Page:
George Clooney, Out of Sight

At the start of Steven Soderbergh’s ”Out of Sight,” George Clooney pulls a robbery of such dizzying suavity that he could only have learned it from the movies: He has stormed from a Miami skyscraper in a burst of dumb rage and whipped his necktie to the pavement-freeze-frame here, Clooney caught mid-heave as in some ’70s cop show. Then he strides into a bank and, gently bluffing, tells the teller that a bystander-nodding to a nearby man talking with a banker-will start firing bullets if she doesn’t fill a bag with cash. He kindly relieves her of it.

This is, in essence if not detail, the heist the hood played by Tim Roth describes at the start of “Pulp Fiction.” That Soderbergh, a wry genius whose “sex, lies, and videotape” reinspired U.S. indie film in 1989, should borrow a riff from Quentin Tarantino, another indie virtuoso whose “Pulp Fiction” first exhilarated us in 1994, is neither cute homage nor simple larceny. Rather, Soderbergh has explored Tarantino’s terrain — playing on his reanimated anachronisms and hyperacute allusions, his feeling for the possibilities of stylized small talk and the occult connections made by compulsive moviegoers –and made the most subtle, sensuous film to come out of Hollywood in the last year.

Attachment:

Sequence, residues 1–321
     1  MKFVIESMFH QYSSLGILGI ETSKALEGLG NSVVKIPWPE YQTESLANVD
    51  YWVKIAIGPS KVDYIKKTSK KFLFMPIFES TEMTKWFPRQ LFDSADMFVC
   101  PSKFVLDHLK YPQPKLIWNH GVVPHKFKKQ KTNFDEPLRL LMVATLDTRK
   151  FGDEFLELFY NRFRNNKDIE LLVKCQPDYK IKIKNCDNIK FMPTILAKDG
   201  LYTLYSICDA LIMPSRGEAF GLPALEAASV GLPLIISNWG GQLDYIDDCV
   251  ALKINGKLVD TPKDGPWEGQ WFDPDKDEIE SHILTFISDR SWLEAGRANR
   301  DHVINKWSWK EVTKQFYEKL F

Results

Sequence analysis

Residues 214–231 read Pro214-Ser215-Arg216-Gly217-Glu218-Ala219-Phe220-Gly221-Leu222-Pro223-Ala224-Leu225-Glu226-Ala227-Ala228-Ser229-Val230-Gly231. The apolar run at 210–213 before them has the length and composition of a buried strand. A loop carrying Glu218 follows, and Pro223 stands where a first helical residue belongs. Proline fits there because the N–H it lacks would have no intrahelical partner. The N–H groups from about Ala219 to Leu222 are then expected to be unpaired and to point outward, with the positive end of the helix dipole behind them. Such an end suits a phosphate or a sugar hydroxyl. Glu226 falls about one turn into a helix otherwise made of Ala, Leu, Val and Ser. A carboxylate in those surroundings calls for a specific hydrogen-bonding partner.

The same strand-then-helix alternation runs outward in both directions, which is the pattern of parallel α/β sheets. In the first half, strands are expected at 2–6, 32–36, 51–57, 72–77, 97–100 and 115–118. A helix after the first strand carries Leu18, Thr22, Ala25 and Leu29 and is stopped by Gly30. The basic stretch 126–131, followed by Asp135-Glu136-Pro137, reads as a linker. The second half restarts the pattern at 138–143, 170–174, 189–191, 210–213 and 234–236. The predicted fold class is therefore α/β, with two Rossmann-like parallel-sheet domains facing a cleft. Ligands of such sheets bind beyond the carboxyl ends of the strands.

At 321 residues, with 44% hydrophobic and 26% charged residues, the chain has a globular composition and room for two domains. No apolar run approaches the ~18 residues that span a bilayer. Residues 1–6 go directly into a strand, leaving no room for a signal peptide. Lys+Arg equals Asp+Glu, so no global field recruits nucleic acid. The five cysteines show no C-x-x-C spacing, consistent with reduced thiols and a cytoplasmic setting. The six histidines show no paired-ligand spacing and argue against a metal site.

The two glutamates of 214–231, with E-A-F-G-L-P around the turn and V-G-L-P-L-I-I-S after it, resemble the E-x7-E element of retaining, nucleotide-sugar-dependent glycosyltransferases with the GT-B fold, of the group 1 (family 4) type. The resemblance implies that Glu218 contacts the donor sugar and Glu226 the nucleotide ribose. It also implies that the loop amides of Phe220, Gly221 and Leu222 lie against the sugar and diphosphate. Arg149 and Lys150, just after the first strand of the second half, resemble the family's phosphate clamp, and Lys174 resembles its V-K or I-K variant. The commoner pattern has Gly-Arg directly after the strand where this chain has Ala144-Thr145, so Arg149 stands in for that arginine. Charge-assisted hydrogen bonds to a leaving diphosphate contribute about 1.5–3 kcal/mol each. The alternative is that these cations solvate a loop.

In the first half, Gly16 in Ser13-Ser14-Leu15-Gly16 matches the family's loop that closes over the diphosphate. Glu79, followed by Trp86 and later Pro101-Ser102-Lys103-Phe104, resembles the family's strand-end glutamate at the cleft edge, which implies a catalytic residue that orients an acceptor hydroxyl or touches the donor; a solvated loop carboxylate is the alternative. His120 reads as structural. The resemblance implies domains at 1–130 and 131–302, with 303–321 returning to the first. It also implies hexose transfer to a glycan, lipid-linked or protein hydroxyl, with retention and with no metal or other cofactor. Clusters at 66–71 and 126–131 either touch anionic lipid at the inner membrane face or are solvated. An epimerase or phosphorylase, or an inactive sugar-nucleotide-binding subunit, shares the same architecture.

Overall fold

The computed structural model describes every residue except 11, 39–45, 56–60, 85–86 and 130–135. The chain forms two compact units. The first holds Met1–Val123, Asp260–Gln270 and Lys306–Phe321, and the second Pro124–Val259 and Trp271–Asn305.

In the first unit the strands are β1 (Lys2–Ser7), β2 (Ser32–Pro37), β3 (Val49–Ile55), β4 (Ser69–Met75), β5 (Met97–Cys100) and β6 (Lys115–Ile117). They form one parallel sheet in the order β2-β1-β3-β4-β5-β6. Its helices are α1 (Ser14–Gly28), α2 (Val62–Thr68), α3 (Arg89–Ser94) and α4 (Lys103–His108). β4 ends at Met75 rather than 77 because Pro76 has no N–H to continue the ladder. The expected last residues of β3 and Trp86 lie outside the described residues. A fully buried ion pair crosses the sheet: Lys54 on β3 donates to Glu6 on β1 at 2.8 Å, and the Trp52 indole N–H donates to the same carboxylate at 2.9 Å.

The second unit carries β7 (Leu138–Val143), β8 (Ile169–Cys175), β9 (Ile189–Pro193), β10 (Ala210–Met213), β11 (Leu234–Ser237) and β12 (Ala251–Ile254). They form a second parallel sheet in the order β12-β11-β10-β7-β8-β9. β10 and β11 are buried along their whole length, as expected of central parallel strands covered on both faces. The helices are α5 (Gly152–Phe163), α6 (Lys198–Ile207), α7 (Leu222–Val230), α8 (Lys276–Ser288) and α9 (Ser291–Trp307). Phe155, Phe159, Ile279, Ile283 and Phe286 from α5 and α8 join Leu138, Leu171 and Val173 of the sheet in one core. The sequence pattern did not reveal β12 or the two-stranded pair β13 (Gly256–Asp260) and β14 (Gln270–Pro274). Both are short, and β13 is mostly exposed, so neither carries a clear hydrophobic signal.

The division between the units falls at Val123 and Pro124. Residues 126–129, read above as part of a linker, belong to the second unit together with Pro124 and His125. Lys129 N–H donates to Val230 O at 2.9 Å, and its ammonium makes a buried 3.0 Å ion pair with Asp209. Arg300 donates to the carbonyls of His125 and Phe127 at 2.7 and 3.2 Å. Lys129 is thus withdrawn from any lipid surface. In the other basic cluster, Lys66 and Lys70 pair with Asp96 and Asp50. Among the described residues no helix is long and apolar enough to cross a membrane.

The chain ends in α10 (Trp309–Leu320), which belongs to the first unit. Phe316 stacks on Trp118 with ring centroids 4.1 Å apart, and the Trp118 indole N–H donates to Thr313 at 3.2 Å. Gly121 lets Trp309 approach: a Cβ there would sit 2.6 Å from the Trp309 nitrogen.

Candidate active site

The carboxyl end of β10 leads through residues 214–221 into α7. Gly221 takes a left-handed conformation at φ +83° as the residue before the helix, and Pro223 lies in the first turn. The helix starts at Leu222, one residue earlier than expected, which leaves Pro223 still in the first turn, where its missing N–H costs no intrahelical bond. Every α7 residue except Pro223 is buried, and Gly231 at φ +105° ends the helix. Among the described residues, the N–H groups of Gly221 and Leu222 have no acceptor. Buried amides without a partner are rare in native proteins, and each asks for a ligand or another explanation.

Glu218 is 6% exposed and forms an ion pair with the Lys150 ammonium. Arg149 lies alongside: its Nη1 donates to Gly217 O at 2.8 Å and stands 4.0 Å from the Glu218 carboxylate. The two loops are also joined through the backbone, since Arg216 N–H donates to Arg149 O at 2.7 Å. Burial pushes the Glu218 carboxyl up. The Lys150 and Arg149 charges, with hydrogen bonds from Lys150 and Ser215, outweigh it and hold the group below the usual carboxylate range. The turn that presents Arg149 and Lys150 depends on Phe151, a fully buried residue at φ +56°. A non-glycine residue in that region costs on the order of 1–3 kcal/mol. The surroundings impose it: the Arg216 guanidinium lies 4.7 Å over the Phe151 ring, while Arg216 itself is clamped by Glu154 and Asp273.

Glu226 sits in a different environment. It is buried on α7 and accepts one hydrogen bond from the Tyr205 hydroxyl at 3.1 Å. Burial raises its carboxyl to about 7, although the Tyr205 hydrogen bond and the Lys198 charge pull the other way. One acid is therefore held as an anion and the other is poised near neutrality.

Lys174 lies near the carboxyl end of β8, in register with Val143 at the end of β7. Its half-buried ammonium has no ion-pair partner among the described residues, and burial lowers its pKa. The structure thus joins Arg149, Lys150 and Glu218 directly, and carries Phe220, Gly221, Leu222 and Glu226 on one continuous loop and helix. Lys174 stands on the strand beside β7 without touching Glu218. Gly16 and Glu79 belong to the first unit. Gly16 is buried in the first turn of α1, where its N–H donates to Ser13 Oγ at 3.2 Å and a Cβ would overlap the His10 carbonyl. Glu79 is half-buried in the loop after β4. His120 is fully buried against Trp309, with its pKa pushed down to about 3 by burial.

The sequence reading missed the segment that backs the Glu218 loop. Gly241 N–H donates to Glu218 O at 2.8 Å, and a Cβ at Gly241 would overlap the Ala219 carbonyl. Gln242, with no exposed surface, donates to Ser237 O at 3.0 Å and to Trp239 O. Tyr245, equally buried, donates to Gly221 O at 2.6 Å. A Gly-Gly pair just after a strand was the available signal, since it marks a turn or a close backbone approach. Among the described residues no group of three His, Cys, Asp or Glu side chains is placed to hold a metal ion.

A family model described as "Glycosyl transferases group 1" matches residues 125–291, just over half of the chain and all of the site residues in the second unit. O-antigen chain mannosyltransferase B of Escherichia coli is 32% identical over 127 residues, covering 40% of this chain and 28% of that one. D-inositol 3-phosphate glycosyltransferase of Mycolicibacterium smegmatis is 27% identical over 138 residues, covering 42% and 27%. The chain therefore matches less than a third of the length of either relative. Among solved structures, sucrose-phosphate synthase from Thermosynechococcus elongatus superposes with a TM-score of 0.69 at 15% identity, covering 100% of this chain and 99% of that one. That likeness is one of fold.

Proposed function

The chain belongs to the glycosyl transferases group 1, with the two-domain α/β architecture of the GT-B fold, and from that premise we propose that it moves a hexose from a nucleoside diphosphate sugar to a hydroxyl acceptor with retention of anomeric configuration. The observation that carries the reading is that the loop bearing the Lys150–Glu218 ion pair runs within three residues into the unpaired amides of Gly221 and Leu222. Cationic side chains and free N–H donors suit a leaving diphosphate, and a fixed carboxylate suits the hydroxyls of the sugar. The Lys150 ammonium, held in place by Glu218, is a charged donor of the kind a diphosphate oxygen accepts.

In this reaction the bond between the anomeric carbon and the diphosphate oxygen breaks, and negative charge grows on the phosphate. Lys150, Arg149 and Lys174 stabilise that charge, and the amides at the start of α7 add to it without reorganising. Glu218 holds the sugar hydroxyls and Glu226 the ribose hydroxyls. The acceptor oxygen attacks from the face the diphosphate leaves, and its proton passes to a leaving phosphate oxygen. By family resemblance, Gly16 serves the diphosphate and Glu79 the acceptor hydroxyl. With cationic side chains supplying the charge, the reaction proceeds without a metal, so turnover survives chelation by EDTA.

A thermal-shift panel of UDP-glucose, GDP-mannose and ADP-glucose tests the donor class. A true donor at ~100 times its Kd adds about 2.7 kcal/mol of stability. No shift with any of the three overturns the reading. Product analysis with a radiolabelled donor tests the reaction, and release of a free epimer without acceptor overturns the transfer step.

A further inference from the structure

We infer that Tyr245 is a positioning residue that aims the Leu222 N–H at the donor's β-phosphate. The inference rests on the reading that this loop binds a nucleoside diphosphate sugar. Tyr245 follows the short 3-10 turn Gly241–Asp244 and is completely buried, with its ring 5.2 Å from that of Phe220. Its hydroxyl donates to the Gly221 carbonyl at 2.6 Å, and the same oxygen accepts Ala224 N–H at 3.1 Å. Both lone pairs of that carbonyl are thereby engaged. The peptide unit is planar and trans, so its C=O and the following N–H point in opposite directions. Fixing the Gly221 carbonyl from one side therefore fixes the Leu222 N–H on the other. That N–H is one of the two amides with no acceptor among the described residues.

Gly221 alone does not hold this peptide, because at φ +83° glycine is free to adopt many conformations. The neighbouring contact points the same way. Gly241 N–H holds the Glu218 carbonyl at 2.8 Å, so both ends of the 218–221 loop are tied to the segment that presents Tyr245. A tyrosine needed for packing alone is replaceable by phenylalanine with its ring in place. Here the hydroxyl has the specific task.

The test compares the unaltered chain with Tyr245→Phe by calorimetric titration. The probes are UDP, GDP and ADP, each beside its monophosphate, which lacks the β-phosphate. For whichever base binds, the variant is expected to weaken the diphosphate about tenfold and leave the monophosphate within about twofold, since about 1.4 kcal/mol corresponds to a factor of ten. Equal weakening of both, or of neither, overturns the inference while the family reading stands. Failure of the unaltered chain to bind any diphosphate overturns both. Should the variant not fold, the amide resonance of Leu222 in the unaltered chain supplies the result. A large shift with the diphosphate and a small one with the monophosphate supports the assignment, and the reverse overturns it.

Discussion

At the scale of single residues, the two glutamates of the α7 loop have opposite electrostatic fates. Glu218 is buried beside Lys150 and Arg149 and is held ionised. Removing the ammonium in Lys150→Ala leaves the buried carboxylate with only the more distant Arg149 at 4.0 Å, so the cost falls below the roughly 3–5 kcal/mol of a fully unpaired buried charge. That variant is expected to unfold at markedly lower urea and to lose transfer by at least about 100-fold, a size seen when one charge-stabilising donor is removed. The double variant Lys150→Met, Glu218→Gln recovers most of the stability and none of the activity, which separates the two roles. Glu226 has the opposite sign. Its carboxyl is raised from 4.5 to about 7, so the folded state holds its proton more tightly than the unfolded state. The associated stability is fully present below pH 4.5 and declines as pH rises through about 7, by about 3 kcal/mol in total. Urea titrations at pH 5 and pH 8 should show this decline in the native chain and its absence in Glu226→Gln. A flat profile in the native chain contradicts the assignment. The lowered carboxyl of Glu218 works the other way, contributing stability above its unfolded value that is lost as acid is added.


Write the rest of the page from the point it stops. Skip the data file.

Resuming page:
And it is very much a Hollywood film in its taste for high-gloss glamour and old noir trickiness, which may lead fans of the spare, arty “sex, lies, and videotape” to wonder: Nine years and this is what he comes up with? In fact, “Out of Sight” is a natural advance. The film began as an Elmore Leonard novel; the finest of all hack writers churns out paperback fantasias marked by a playfulness that lends itself well to the directors’ visions. ”Sight”’s freeze-frames, slow fades, and (in a scene between Clooney and Jennifer Lopez, the marshal on his tail) evocative voiceovers are old tricks that feel new because they prove essential rather than ornamental. Style here is substantive.

“Out of Sight” is a basic crime story made baroque by its satisfaction of the reasonable demand of an audience as jaded as Spader’s ”sex, lies” videophile — to be tricked into believing. Tarantino’s achievement was to show us how we respond to pulp; Soderbergh’s is to show us why.

Shakespeare in Love
  • Movie
  • 122 minutes